American Bibliodeck, The Wonderful Wizard of Oz Edition American Bibliodeck, The Wonderful Wizard of Oz Edition brings L. Frank Baum’s classic tale of a young girl, road trips, weird friends, scary monsters, and political assassination into your game room. We love playing card games. Our parents love playing card games. Our comic-book-drawing friends love playing card games. It’s time we did something about it. With our new Bibliodeck series, we want to take the same passion and artistry that fueled the ambitious Shadow of Oz Tarot we created last year, and use them to fire something simpler, more affordable, more accessible, and arguably easier to hold. In this edition, your favorite characters from the book appear in each suit: Dorothy and her companions, The Wizard and his allies, and, of course, the Wicked Witch. Full color, with Jokers, this will be a beautiful deck to own, share, and play some really wicked cribbage.
Are Judy Garland’s Stolen Ruby Slippers Shimmering in Mine Pit? Witness search at 40th ‘Wizard of Oz’ Festival June 10-13 Are Judy Garland’s ruby slippers in nearby mine pit following a Museum heist? Witness an underwater search for the iconic red shoes and dozens of events planned for the 40th Annual “Wizard of Oz” Festival June 10-13 in Grand Rapids, Minnesota (not Michigan)! Scuba divers for the Judy Garland Museum will take a plunge into the Tioga Mine Pit June 11, and June 12 at 10 a.m., and 1 p.m. to explore decade-old rumors a pair of authentic ruby slippers – worn by Judy Garland as Dorothy – were discarded there after a brazen 2005 heist. The Itasca County Sheriff’s Dive Team will go to great depths in its search for the iconic red shoes following a famous theft that remains unsolved. “These rumors have been floating around since it happened,” says Jonny Miner, one of the founders of the popular museum which includes Judy Garland’s childhood home, “and we’re finally putting them to the ultimate test.”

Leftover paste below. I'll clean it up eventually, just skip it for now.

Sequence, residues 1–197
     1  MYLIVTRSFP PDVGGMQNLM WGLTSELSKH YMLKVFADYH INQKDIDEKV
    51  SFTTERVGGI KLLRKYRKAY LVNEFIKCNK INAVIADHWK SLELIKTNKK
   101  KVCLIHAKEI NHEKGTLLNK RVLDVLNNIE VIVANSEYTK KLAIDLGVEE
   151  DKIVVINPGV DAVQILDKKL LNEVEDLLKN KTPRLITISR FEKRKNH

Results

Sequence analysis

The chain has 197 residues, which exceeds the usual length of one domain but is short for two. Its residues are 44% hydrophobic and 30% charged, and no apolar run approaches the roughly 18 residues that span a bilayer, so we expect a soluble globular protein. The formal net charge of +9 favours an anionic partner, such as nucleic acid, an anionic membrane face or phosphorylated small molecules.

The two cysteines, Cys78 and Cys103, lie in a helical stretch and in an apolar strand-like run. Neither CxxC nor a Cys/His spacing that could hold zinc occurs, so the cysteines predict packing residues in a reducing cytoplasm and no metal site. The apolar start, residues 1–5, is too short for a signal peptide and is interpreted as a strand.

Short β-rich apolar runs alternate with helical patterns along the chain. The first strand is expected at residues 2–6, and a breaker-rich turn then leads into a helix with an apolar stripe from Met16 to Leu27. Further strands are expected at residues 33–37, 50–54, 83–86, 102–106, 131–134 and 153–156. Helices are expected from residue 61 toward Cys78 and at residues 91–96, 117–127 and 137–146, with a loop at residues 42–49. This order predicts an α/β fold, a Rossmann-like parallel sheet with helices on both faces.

8 Things You May Not Know About “The Wizard of Oz” L. Frank Baum was 44 when “The Wonderful Wizard of Oz” was published and by then he’d tried his hand at a variety of jobs. As a young man in upstate New York, he bred prize-winning chickens, published a trade journal about poultry and was as an actor and playwright. One of his plays, “The Maid of Arran,” toured a number of U.S. cities in the early 1880s, with Baum in a leading role. However, following some shady dealings by his bookkeeper, plus a fire that destroyed a theater owned by Baum, he tabled his show-business dreams and went to work as a salesman for a company that made lubricating oil. By the early 1890s, he’d moved to Chicago and was employed as a traveling salesman for a glassware firm. While away from home, he invented stories to tell his four sons, and when his mother-in-law heard some of these tales she encouraged him to try to publish them. The result was Baum’s first children’s book, “Mother Goose in Prose,” which failed to sell well when released in 1897. Meanwhile, Baum had grown tired of life as a traveling salesman and founded a well-received trade magazine about window trimming (he got the idea after observing poorly organized store-window displays during his time on the road). In 1899, he published his second work for children, “Father Goose, His Book.” An unexpected best-seller, it got his literary career rolling and helped generate interest in “Oz,” which he was already working on.